US – China trade war and Australia

Australia is rightly concerned about the possibility of a trade war between China and the US, given its economic dependence on Chinese trade, Wang Zhimin of China’s Institute of Foreign Economy and Trade and Yuri Rubinsky of the Russian Academy of Sciences told Sputnik

Australian trade minister Steven Ciobo led a business delegation to China last week, where he warned that a trade war between the United States and China would pose a threat to the global economy.

Raising trade barriers “would do nothing except cripple economies and hurt global growth,” Ciobo said, the South China Morning Post reported.

Ciobo referred to the speech Chinese President Xi Jinping made in January at the World Economic Forum in Davos. In it, Xi pledged commitment to global free trade and investment and the liberalization of trade barriers.

“That ultimately is good news for China and good news for Australia,” Ciobo said.

China is Australia’s largest trading partner and two-way trade between the two countries is worth more than A$150 billion (US$113 billion) annually, according to Australian government statistics.

In December 2015, the China-Australia Free Trade Agreement (ChAFTA) came into force, which promises to lift Chinese tariffs on 98 percent of Australian goods within five years and 100 percent of Australian tariffs on Chinese goods by January 2019.

The Australian government hailed the “historic agreement with our biggest trading partner,” which will support future economic growth, job creation and higher living standards through increased goods and services trade, and investment.”

Chinese tourists are also a valuable source of income for Australia. In recent years the number of Chinese visitors to Australia has increased by 10-15 percent annually and they are expected to provide A$13 million of income to the Australian tourist industry by 2020.

Although China is Australia’s most important trading partner, Canberra is a political ally of Washington, which sought to exclude China from the now-defunct Trans-Pacific Partnership (TPP) free trade deal.

As well as ditching TPP, new US President Donald Trump has slammed Chinese economic policy and threatened to put higher tariffs on goods from China and other nations such as Germany and Mexico which he feels enjoy an unfair trade advantage.

Yuri Rubinsky of the Russian Academy of Sciences’ Institute of Europe told Sputnik that Australia has to maintain a balancing act given its geographic and economic associations with China.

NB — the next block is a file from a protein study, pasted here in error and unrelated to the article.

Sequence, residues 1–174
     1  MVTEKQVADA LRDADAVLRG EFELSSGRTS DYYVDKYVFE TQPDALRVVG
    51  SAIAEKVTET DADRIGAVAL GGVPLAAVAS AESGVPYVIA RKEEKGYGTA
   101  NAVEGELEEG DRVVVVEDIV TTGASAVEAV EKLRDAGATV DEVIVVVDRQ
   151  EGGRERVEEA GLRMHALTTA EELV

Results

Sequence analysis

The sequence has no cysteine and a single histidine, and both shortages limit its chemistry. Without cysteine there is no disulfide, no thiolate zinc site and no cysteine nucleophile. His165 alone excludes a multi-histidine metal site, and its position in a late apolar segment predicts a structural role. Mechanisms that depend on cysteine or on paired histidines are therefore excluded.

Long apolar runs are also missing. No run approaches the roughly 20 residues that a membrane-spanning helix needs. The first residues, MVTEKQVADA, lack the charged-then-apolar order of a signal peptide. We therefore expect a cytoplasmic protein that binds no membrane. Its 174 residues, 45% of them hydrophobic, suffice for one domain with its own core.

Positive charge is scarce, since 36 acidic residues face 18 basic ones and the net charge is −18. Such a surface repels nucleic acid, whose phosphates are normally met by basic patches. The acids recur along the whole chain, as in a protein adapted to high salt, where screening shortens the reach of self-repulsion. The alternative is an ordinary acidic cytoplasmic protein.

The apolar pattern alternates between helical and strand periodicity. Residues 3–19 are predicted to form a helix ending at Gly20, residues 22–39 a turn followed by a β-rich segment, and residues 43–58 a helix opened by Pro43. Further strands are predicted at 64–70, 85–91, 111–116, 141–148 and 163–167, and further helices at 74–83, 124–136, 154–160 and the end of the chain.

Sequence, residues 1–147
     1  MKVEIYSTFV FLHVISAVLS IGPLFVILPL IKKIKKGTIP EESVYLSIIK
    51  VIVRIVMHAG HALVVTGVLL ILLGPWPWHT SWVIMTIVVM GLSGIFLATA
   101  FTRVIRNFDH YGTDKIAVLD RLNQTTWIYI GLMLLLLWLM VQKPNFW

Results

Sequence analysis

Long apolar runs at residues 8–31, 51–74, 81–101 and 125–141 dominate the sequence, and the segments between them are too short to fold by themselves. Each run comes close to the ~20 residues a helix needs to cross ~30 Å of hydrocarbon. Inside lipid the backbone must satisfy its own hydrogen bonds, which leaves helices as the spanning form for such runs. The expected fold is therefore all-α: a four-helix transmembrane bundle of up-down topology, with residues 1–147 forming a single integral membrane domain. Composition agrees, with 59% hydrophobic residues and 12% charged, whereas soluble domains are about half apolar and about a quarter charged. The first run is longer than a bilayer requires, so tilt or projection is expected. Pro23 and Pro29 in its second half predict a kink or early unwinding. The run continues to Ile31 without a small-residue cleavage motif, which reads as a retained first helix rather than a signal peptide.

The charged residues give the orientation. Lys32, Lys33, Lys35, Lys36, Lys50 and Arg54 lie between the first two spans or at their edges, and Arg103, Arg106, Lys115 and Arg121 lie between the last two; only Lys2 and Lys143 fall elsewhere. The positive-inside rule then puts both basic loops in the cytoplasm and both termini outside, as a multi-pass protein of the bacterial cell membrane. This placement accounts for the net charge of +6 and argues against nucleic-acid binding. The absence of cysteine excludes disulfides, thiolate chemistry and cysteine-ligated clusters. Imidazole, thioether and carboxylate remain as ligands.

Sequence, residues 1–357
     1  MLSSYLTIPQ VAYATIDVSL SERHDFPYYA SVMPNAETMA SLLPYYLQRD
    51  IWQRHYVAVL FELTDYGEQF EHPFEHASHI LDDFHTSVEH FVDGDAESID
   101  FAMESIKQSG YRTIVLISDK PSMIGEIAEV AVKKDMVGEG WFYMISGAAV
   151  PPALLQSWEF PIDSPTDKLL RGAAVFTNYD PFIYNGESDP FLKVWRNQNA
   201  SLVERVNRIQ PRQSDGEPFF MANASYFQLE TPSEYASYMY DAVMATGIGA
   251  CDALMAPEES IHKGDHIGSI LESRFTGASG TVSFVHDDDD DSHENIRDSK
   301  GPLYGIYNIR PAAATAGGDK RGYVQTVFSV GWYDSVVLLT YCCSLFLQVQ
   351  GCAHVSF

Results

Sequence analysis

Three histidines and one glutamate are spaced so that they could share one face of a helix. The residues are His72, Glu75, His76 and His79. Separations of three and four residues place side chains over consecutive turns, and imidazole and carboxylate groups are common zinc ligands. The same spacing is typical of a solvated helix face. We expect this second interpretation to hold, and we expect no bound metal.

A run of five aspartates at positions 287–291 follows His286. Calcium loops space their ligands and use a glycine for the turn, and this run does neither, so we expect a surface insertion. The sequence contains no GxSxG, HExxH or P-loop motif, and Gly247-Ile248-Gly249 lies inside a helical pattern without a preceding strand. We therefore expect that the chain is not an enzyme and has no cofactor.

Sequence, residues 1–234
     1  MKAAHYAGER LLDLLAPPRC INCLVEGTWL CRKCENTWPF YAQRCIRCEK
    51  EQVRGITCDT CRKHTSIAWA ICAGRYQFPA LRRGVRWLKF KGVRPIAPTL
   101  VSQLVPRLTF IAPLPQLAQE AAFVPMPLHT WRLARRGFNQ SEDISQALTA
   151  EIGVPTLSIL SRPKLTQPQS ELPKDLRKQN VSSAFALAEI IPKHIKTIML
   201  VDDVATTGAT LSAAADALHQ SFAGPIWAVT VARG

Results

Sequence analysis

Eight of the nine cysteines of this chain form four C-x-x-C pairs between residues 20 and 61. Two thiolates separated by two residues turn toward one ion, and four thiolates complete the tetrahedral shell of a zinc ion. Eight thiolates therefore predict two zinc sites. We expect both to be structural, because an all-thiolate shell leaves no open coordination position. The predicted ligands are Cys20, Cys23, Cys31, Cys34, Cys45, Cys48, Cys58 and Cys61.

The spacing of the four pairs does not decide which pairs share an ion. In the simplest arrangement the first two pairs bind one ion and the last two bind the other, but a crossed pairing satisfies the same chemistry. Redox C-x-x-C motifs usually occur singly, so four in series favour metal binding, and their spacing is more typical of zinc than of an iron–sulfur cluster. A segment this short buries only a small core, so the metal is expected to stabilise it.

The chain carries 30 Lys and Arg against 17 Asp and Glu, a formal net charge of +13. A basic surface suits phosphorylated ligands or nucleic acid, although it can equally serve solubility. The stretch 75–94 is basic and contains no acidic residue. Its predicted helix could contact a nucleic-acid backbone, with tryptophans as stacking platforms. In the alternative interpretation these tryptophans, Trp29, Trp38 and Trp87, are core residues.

“Geographically and economically Australia is in the Asia-Pacific region, so choosing any one side between China and the United States is quite obviously suicidal. The economic well-being of Australia in the present and future requires broad ties with the West and the East, with a rising China in the first instance. China has become its largest trading partner. Coal, gas, food – the loss of steadily growing exports to China in these areas will be a major blow to the Australian economy. Australia has become more focused on China after the establishment of the free trade zone in 2015,” Rubinsky said.

Wang Zhimin of the Center for Globalization and Modernization at China’s Institute of Foreign Economy and Trade told Sputnik that the prospect of increased protectionism on the part of the US is viewed anxiously in Canberra as well as in Beijing.

“I agree with the Australian Trade Minister: a trade war between China and the United States is bound to threaten the global economy and have an impact on China-Australia trade relations. In fact, right now, China attaches great importance to the development of trade, foreign investment and attracting foreign capital,” Zhimin said.

“It is worth noting the particular characteristics of the relationship between China and Australia. China has been Australia’s biggest trading partner for many years. At the same time, Australia is a firm US ally. Australia is guided by a diplomatic principle of ‘China is the economic support, the US is the political one.’ This policy leads to difficulties in Sino-Australian relations.”

“As a US ally, Australia supports closer cooperation with them in the military sphere. China is wary of the stationing of a US Marine base in Australia and the establishment, together with the US, Japan and South Korea of a so-called ‘anti-Chinese encirclement.”

In recent years, the Australian government has backed US criticism of China. For example, Australian Foreign Minister Julie Bishop has criticized China’s construction of islands in the South China Sea, and backed the Philippines when it brought a case against China to the an international tribunal in The Hague.

“However, there have been some changes in Sino-Australian relations this year. Trump’s coming to power and US withdrawal from the TPP was disappointing for Australia, which had high hopes for TPP. At this time, economic benefits are the country’s priority.”

“China is Australia’s largest trading partner, its largest export market and source of imports. It’s the biggest source of foreign investment and of tourists. Chinese-Australian trade relations are a skillful game from which, given the favorable conditions for Chinese economic development, Australia has benefited greatly,” Zhimin said.


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